Location:Begum Samru's Palace can be reached by taking the road just before the Kumar Cinema Hall on the main Chandni Chowk Road when coming from the direction of Red Fort.
Famous as: Bhagirath Palace
Time to Visit: Open on all days
Preferred Timings: sunrise to sunset
Admission Fees: Free and open to all
Photography charges: nil
How to Reach:Tourists can either take local buses from various points within the city to reach this structure located in South Delhi, or they can hire auto-rickshaws and taxis or metro rail.
Nearest Railway Station: Old Delhi Railway Station
Nearest Metro Station:Delhi Main
Functional Metro Station: Delhi Main
Nearest International Airport: Indira Gandhi International Airport
Time required for sightseeing:1 hour
Begum Samru's Palace in Delhi can be reached by taking the road just before the Kumar Cinema Hall on the main Chandni Chowk Road when coming from the direction of Red Fort. Popularly known as the Bhagirath Palace and North India's biggest electrical goods wholesale market, Begum Samru's Palace is located just behind a Hindu shrine surrounded by trees.
Now a very busy commercial place, it is difficult for a visitor to imagine the building in its original grandeur with a lovely sprawling garden stretching till Chandni Chowk, when it was owned by an witty Kashmiri Muslim woman, Begum Samru. Born in 1753, Begum Samru proudly lived in this large white mansion that was considered one of the grandest houses in Delhi with massive columns and large rooms. She commanded great respect in the city as Mughal Emperor Shah Alam could call upon her trained private army when in need.
Soon, she married an English mercenary soldier from Luxembourg who was holder of the fief of Sardana in Meerut District. His name was Walter Reinhard whom his friends lovingly called 'Sombre' because of his long brooding face and thus the title 'Samru' was derived and became locally popular. A good administrator, the Begum held the fief after Reinhard's death and converted herself to Christianity for strategic and personal reasons in Agra, in 1781. Her new name became Joanna but she was still popular as Begum Samru in the area. Begum Samru was also famous in the European social circle for throwing lavish social gatherings at her residence, in the early 19th century, before her death in 1836.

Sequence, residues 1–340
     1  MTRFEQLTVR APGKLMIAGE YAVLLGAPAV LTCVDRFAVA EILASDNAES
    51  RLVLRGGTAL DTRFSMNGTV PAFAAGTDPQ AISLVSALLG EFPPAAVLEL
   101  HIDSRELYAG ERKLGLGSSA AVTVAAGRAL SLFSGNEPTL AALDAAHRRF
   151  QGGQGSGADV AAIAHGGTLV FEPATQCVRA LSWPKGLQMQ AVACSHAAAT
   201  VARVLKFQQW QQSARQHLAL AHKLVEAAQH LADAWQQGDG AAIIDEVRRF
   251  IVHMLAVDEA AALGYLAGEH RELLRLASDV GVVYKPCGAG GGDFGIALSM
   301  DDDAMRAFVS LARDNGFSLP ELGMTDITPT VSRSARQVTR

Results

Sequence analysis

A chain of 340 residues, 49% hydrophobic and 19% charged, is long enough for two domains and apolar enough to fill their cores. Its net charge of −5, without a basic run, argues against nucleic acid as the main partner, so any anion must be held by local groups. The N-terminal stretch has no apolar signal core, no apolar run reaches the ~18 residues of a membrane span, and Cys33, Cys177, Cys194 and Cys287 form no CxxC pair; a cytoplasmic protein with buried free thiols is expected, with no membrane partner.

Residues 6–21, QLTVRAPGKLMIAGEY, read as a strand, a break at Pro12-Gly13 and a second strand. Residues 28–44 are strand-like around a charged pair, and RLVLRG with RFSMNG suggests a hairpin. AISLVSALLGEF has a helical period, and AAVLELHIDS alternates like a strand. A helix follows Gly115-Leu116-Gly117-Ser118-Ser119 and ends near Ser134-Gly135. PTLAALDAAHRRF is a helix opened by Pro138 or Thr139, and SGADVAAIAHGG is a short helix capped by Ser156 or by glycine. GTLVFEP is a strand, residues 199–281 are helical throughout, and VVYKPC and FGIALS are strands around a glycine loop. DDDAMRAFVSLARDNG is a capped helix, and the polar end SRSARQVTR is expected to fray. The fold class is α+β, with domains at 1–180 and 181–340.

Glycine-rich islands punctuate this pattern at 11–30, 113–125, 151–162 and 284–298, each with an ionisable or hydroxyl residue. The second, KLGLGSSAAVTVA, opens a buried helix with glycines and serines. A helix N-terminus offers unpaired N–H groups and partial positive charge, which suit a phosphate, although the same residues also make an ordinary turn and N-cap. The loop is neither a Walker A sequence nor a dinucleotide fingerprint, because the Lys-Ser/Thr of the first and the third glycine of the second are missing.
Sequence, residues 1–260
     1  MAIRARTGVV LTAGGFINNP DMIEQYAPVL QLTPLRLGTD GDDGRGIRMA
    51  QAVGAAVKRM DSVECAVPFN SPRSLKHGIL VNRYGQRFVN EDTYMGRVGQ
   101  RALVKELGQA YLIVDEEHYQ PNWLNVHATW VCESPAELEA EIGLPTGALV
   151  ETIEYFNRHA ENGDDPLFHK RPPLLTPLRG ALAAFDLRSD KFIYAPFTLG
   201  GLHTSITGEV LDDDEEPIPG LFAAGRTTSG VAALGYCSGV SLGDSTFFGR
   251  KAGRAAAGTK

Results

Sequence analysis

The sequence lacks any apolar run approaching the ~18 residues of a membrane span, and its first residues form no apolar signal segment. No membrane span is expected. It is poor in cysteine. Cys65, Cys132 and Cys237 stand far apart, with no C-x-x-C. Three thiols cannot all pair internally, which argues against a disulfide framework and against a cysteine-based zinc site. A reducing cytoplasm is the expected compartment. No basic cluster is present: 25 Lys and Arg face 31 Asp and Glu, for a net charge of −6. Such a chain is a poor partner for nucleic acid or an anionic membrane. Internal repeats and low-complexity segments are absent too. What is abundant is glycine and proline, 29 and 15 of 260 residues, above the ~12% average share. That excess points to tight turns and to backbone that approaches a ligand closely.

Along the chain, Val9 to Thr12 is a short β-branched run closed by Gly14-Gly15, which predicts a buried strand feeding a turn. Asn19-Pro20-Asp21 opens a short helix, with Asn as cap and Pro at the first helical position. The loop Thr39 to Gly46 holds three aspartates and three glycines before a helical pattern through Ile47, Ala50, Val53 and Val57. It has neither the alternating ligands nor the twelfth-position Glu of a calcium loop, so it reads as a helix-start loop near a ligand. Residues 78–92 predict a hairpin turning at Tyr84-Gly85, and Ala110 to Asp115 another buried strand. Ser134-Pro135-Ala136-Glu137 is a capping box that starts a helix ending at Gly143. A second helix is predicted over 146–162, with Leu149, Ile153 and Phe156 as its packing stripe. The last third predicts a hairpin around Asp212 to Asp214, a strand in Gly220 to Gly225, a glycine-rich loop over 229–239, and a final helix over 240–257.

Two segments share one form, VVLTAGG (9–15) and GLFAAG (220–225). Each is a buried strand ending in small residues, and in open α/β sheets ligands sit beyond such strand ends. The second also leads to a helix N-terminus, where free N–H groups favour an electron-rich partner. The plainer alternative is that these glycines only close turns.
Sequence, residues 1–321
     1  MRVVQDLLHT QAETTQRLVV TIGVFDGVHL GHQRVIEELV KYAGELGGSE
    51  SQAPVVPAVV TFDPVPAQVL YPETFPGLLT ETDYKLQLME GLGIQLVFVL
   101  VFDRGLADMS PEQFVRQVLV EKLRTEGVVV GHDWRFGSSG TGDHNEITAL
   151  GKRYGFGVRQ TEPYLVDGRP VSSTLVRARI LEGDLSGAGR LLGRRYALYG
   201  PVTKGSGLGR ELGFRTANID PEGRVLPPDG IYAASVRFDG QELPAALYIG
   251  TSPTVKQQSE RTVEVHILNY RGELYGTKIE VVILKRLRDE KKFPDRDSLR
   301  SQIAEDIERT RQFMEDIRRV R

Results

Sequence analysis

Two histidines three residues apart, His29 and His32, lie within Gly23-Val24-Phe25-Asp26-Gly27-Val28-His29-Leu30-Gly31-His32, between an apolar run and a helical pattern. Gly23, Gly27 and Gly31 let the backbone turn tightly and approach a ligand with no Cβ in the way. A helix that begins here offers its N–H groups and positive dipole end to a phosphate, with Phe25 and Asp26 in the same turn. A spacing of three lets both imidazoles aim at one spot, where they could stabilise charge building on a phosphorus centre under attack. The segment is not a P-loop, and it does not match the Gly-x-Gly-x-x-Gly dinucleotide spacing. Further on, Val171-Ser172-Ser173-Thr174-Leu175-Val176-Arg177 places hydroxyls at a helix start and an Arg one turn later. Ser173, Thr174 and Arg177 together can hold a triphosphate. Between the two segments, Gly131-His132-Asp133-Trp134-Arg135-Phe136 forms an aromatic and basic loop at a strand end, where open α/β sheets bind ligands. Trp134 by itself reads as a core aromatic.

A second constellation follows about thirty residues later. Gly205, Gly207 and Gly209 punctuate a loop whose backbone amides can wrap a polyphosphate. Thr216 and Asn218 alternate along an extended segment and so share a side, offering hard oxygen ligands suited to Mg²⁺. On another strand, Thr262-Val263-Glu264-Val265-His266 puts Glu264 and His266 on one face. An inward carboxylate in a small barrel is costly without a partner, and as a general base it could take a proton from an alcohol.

The building is also the same place where the last Mughal Emperor Bahadur Shah was brought as a captive after the 1857 war. He was later sent to Rangoon in exile.
Red Fort, Jama Masjid, Chandni Chowk, Salimgarh Fort, Kashmeri Gate, St James Church, Dara Shikoh Library, Lothian Cemetery, and Rajghat.
Karim Hotel, Ghantewala sweet shop, food stalls near Jama Masjid, Paranthewali gali, Natraj hotel, Chor Bizarre of Broadway Hotel, Daryaganj's Flora, Peshwari, Moti Mahal Restaurant, Worker's canteen of Inter-State Bus terminal and many roadside food stalls are there for refreshment.
Chandni Chowk (curios, souvenirs, silver and glass bead jewelry) Nai Sarak (books), Chor bazaar (electronic goods), Daryaganj book market (on Sunday) and Chatta Chowk in Red Fort (traditional and contemporary jewelry and handicrafts)
Last Updated On: 2011/07/01